The Collection of Luigi Maria D’Albertis

The exhibits here were part of the private collection of Luigi Maria D’Albertis. These include the pieces that the explorer did not donate to the Museo Pigorini in Rome and the Museum of Ethnology and Anthropology of Florence, after returning home from his travels.
These pieces may not represent a culture, explain a historical moment, illustrate the development of human civilisation. Rather, removed from their original context and gathered under an old glass, they evoke in us many stories: stories of everyday life on the banks of a river in a distant tropical country, stories of adventurous explorations in fascinating and hostile places, but also stories orally passed down on the first traumatic encounter between two cultures in New Guinea.

Many different perspectives are thus given a voice. The most accessible for visitors today are the words written by Luigi Maria D’Albertis in “Alla Nuova Guinea: Ciò che ho veduto e ciò che ho fatto. “ (Dedication to New Guinea: What I have seen and what I have done), published after his return to Italy.
In his memorial, the explorer eloquently describes the dreams and hopes that drew him to New Guinea. He relates his impressions on the natives, and his desire to explore even further, reaching more and more exotic, wild, unventured places, to meet “primitive” men and women in the state of nature, to discover new species of plants and animals. His words reveal both the fascination and at the same time the repugnance that these men and women exert in him. His words describe his attempts at proving his friendly intentions towards the natives, his efforts to intimidate and scare away those seemingly hostile, and the use of dynamite and rifles. His words speak of the difficulties encountered, the diseases, insects, and attacks by the armed natives. His words tell his side of the story about his last expedition, and how he left the coasts of New Guinea, defeated and grieved.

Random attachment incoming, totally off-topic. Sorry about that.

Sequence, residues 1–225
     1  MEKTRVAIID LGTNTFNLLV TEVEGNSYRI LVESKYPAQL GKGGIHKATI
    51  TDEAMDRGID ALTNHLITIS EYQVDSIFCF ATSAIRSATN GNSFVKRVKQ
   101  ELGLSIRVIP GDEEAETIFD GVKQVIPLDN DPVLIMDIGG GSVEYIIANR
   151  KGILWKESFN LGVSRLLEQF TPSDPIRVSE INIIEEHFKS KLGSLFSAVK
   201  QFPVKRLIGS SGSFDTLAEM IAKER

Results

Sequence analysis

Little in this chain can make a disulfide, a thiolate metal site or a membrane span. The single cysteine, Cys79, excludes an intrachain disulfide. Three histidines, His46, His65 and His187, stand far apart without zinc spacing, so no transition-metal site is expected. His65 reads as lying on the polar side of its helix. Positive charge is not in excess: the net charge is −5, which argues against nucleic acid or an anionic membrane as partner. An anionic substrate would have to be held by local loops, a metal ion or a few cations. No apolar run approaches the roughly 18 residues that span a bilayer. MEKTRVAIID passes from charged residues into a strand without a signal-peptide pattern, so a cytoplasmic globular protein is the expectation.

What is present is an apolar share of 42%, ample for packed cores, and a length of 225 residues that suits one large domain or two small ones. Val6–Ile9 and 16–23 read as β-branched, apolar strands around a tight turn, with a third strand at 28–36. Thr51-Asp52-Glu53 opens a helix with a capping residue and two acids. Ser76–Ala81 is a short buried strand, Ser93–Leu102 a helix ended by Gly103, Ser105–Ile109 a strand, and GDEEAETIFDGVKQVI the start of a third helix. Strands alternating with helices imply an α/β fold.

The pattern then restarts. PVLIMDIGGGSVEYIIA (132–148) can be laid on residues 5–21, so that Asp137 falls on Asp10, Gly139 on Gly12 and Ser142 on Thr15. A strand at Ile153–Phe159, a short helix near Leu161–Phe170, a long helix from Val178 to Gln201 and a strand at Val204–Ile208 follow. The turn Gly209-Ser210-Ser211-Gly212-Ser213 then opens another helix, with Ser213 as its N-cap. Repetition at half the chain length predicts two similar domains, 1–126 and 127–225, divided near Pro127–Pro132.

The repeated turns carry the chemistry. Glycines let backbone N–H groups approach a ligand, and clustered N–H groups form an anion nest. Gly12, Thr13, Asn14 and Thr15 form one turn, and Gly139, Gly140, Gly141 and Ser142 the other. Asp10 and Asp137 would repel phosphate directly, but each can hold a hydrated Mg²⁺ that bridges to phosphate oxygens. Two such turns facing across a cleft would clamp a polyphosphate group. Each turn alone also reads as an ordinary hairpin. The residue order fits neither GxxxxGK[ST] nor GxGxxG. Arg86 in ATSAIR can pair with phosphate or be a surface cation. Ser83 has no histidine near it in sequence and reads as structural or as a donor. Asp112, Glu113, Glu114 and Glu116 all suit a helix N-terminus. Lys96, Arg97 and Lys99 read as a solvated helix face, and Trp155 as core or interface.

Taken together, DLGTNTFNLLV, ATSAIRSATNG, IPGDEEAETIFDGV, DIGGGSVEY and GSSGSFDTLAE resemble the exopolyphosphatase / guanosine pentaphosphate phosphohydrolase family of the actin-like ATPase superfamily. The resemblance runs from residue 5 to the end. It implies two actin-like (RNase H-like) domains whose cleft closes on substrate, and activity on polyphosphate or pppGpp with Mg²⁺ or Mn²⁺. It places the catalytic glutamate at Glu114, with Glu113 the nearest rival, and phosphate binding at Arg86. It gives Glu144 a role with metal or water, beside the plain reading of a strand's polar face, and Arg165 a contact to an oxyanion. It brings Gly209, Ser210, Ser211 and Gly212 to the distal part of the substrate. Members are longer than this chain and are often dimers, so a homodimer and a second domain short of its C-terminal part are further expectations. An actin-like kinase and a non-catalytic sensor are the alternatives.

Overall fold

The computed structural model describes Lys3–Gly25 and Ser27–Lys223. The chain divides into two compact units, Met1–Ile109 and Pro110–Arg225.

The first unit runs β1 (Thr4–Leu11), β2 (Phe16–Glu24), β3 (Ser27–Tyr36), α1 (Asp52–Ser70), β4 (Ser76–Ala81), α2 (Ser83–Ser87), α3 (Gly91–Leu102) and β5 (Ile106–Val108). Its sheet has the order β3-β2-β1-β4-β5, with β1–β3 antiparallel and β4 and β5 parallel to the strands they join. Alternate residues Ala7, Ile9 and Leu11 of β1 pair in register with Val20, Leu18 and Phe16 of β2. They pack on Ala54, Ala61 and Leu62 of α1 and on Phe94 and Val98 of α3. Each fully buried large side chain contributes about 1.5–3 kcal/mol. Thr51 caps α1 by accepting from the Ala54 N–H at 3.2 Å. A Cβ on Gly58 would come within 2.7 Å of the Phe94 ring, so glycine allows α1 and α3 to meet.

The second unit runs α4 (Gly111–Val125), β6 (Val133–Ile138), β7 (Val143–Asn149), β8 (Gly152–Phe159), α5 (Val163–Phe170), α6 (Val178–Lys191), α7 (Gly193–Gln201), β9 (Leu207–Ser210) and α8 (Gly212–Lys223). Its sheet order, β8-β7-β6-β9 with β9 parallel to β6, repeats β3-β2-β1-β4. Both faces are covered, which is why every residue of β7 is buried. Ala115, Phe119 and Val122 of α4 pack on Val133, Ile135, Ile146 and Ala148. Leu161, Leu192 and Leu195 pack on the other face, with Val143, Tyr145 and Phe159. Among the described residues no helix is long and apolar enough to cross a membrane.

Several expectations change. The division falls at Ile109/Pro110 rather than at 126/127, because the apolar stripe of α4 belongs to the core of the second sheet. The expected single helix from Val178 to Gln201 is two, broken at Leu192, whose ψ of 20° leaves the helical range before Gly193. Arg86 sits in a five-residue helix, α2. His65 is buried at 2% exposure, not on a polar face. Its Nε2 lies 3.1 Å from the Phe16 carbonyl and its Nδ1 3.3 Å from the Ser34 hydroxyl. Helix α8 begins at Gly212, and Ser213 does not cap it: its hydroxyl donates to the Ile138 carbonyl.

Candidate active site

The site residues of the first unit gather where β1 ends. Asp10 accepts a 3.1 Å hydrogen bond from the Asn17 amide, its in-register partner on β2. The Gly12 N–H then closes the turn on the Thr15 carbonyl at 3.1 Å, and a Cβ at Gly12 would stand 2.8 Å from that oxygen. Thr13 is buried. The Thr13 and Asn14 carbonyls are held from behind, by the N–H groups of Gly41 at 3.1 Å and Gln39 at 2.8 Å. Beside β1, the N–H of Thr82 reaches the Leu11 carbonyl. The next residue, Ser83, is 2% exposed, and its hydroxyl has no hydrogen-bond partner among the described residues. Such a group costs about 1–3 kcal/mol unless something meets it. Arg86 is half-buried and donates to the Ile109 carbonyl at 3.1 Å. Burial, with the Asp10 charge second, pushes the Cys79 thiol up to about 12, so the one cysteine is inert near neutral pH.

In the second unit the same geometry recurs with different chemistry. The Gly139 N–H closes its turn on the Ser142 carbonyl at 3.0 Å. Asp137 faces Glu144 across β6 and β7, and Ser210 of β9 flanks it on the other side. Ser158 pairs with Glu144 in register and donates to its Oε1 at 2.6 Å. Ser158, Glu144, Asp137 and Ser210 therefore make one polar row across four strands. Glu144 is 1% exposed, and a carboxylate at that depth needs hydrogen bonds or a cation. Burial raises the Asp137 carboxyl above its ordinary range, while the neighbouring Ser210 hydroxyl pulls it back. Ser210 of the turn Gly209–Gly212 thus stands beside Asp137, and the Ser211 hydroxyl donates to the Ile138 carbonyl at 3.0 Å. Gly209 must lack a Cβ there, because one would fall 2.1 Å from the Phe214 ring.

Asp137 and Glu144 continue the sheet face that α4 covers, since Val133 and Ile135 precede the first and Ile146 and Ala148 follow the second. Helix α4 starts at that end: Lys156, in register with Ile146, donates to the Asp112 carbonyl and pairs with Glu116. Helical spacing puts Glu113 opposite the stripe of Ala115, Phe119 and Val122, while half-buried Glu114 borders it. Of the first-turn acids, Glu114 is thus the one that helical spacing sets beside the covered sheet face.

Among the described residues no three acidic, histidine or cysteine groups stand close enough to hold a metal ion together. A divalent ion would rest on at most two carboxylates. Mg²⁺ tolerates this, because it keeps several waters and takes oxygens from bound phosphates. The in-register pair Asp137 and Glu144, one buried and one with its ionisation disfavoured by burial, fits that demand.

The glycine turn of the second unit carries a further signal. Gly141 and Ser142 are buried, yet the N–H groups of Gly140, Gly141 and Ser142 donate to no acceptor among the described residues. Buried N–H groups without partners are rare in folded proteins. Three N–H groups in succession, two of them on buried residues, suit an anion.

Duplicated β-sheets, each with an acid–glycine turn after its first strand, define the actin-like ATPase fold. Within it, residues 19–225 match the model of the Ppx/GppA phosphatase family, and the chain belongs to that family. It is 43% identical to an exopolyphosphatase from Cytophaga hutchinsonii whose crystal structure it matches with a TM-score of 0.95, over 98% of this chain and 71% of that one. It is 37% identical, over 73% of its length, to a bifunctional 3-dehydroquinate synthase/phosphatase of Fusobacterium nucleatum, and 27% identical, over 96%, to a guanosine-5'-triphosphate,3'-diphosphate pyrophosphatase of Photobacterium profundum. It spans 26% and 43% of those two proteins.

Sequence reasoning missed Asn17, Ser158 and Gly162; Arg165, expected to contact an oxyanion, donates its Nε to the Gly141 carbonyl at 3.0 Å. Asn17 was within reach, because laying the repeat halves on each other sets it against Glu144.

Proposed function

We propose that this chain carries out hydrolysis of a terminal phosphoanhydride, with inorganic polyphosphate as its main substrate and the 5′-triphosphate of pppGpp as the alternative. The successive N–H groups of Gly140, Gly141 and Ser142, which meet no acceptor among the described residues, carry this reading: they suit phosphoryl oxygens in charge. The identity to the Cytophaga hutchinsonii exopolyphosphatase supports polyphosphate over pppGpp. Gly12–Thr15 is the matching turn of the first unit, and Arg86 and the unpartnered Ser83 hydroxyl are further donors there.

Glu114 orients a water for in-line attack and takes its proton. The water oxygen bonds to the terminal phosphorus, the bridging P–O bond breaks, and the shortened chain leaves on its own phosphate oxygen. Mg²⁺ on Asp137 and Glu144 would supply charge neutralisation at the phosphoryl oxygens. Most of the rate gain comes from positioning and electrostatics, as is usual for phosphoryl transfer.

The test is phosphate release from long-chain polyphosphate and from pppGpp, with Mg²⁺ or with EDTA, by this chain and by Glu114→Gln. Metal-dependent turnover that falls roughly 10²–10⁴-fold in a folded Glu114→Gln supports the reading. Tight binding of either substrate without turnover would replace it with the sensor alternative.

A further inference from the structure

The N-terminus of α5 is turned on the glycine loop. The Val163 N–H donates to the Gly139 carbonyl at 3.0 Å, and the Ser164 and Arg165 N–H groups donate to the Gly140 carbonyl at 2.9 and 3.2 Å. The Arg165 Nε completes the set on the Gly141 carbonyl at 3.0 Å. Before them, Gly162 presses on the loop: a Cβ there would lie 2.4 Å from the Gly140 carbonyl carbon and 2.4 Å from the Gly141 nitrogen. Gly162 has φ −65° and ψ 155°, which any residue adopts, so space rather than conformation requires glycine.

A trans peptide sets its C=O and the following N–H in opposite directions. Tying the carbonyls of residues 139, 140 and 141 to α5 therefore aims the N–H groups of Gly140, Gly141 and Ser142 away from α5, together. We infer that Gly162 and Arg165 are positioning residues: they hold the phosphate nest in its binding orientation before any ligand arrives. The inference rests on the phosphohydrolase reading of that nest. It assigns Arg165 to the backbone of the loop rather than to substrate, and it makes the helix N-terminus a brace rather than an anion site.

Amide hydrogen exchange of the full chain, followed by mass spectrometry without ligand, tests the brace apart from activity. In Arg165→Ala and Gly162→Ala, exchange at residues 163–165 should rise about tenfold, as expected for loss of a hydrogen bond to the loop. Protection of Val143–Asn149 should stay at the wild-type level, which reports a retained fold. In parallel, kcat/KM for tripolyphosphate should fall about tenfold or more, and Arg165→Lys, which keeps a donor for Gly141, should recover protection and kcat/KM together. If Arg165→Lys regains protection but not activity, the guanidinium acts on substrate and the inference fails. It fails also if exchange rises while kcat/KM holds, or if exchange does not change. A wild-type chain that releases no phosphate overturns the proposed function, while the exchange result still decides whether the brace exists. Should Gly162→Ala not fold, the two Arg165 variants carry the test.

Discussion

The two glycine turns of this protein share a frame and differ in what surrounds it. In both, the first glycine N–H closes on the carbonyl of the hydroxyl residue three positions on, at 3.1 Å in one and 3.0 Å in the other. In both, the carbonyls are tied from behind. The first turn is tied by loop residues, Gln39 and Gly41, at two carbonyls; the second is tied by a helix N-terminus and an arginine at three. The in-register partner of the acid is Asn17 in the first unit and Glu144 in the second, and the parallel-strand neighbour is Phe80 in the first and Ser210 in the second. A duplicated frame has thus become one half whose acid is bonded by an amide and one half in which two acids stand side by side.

Luigi Maria D’Albertis was aware of the birth of the first ethnographic museums: an integral part of the scientific-naturalistic project of 19th-century anthropology, in which evolutionism used the collections of artefacts made by indigenous peoples to produce knowledge on colonial subjects. Although he had travelled to collect natural specimens, it is clear that the explorer was willing to also include pieces of ethnological interest in his collection.
During his travels, the explorer adopted various approaches to collecting these pieces. For example, he remained on the Isle of Yule for a longer period, thus managing to establish stable relationships with some natives, who gave him the objects he wanted in exchange for axes, iron bars, blankets, mirrors, etc. The Moatta pieces come from a series of repeated visits to the same homes, while those from the Fly are casual findings encountered in huts along the river. During the expeditions on the Fly, the explorer seemingly grew disillusioned, gradually renouncing to establish friendly relations of exchange with the inhabitants of the river and rather starting to raid the villages abandoned by the natives fleeing the Neva. This was the sign of increased cynicism on his part, but also of increased hostility on the part of the natives whenever his boat returned.